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Image: Harper Business

If you've ever wished you were a fly on the wall as top leaders in the U.S. and China were considering how to parry their counterparts' most recent moves, here's your big chance.

The big picture: "Superpower Showdown: How the Battle Between Trump and Xi Threatens a New Cold War" (HarperCollins, June 2020), by Wall Street Journal reporting duo Bob Davis and Lingling Wei, takes you behind the scenes of some of the biggest decisions over the past 25 years of the U.S.-China trade relationship.

Those moments include:

  • Bill Clinton's decision not to revoke China's most-favored nation status after the Tiananmen Square massacre.
  • China's entry into the World Trade Organization, the role of U.S. businesses as Beijing's biggest backers, and the sense of betrayal that human rights advocates felt at the time.
  • And of course, plenty of juicy detail about how both Trump and Xi, and their negotiators, hashed out tariffs, retaliations, strategy and concessions over the past three years.

Bonus: The book starts out with an incredible reveal, at least for those of us who have watched China for years: What Xi Jinping was really up to during the two weeks that he mysteriously disappeared in late 2012.

Zoom in: Each side of the current trade war suffered from a major misunderstanding of the other side.

  • "They think of the world like it's 1952 and the U.S. just won World War II," Davis told me in an interview. "But in 1952, the U.S. was more generous to the rest of the world."
  • "The biggest thing the Chinese side missed was how much of a change there was in Washington towards China," Wei said. "It wasn’t just the Trump administration, it wasn’t just Republicans. It crossed party lines. It took them quite a while to realize that."

The bottom line: Both the U.S. and China thought the trade conflict would be easier to resolve than it has been, Wei and Davis told me, because both sides overestimated the leverage they had over the other.

Go deeper: Wei, who was recently expelled from China along with a dozen other U.S. journalists, wrote a touching personal essay about her journey to becoming a U.S. citizen, returning to China to report, and now being forced to leave her family there.

Go deeper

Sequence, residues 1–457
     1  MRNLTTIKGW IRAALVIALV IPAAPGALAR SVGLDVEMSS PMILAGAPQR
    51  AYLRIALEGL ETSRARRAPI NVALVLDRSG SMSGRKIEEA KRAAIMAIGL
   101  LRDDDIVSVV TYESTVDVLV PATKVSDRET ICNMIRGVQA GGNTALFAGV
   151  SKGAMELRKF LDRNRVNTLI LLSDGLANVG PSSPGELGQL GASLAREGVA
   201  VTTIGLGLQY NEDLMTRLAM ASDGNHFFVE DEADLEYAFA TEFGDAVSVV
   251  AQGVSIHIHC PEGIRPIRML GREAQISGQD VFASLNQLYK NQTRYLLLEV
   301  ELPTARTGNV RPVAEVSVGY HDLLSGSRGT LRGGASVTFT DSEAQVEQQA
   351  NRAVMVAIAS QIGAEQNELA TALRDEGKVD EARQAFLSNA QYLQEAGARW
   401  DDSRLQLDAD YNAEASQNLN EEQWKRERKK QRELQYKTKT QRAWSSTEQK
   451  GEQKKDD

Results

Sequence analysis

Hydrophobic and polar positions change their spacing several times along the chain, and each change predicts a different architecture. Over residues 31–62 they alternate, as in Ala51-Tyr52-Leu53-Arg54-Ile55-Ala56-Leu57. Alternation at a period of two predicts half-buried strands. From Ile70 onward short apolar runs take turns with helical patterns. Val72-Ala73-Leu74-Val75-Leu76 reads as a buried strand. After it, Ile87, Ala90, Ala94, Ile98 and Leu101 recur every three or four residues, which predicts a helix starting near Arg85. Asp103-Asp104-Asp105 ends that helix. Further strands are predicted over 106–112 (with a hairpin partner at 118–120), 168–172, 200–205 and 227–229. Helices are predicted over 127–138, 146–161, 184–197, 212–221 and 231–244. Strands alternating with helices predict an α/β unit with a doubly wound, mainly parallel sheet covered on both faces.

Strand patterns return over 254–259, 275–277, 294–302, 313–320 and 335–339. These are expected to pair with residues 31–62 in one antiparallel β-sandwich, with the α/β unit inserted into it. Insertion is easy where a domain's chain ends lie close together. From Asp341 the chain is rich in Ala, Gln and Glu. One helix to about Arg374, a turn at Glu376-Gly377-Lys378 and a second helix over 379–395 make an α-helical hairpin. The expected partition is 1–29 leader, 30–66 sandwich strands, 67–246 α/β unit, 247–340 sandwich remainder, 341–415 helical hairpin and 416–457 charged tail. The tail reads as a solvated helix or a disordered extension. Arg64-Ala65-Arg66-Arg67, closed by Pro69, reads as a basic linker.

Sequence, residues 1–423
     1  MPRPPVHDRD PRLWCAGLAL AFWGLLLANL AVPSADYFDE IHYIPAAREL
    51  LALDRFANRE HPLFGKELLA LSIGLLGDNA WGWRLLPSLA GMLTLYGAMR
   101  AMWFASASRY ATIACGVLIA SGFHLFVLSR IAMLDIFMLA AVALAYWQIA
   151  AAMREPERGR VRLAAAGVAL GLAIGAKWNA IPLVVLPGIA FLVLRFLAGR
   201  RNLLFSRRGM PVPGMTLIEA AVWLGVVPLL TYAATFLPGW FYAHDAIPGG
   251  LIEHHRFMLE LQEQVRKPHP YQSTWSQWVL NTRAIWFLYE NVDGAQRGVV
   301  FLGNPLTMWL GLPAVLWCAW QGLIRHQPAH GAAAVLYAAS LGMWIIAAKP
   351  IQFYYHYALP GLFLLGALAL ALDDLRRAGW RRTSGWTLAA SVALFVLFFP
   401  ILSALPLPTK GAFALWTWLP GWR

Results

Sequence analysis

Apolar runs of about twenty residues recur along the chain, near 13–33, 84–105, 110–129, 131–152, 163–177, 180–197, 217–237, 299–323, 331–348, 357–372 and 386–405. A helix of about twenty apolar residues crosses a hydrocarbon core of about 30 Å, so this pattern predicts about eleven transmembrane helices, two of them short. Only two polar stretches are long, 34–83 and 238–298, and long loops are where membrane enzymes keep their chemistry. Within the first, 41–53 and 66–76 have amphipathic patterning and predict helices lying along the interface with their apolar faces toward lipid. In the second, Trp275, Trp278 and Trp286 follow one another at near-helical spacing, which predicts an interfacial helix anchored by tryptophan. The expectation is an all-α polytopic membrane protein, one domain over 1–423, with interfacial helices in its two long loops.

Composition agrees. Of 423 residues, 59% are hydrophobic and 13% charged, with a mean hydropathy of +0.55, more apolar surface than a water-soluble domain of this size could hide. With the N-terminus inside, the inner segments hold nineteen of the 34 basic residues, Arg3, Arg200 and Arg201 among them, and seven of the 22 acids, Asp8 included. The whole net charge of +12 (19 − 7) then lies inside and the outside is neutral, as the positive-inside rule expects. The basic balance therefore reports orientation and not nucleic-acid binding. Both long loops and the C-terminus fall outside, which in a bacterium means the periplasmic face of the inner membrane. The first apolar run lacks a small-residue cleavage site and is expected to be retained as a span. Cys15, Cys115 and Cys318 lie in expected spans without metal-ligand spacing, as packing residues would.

Sep 30, 2020 - World

House report: U.S. intelligence agencies have failed to adapt to China threat

Xi Jinping and other Chinese politicians and delegates listen to the national anthem duirng the closing of the 19th Communist Party Congress in 2017. Photo: Lintao Zhang/Getty Images

The House Intelligence Committee on Wednesday released a report finding that the U.S. intelligence community has failed to adapt to the growing threat from China, arguing that it will struggle to compete on the global stage for decades to come if it does not implement major changes.

The big picture: The 200-page report, based on thousands of analytic assessments and hundreds of hours of interviews with intelligence officers, determined that the intelligence community's focus on counterterrorism after 9/11 allowed China "to transform itself into a nation potentially capable of supplanting the United States as the leading power in the world."

Scoop: Border officials project 13,000 child migrants in May

The "El Chaparral" border crossing at Tijuana. Photo: Stringer/Picture Alliance via Getty Images

A Customs and Border Protection staffer told top administration officials Thursday the agency is projecting a peak of 13,000 unaccompanied children crossing the border in May, sources directly familiar with the discussion told Axios.

Why it matters: That projection would exceed the height of the 2019 crisis, which led to the infamous "kids-in-cages" disaster. It also underscores a rapidly escalating crisis for the Biden administration.

4 hours ago - World

U.S. strikes Iran-backed militia facilities in Syria

President Biden at the Pentagon on Feb. 10. Photo: Alex Brandon - Pool/Getty Images

The United States on Thursday carried out an airstrike against facilities in Syria linked to an Iran-backed militia group, the Pentagon announced.

The state of play: The strike, approved by President Biden, comes "in response to recent attacks against American and Coalition personnel in Iraq, and to ongoing threats to those personnel," Pentagon press secretary John Kirby said in a statement.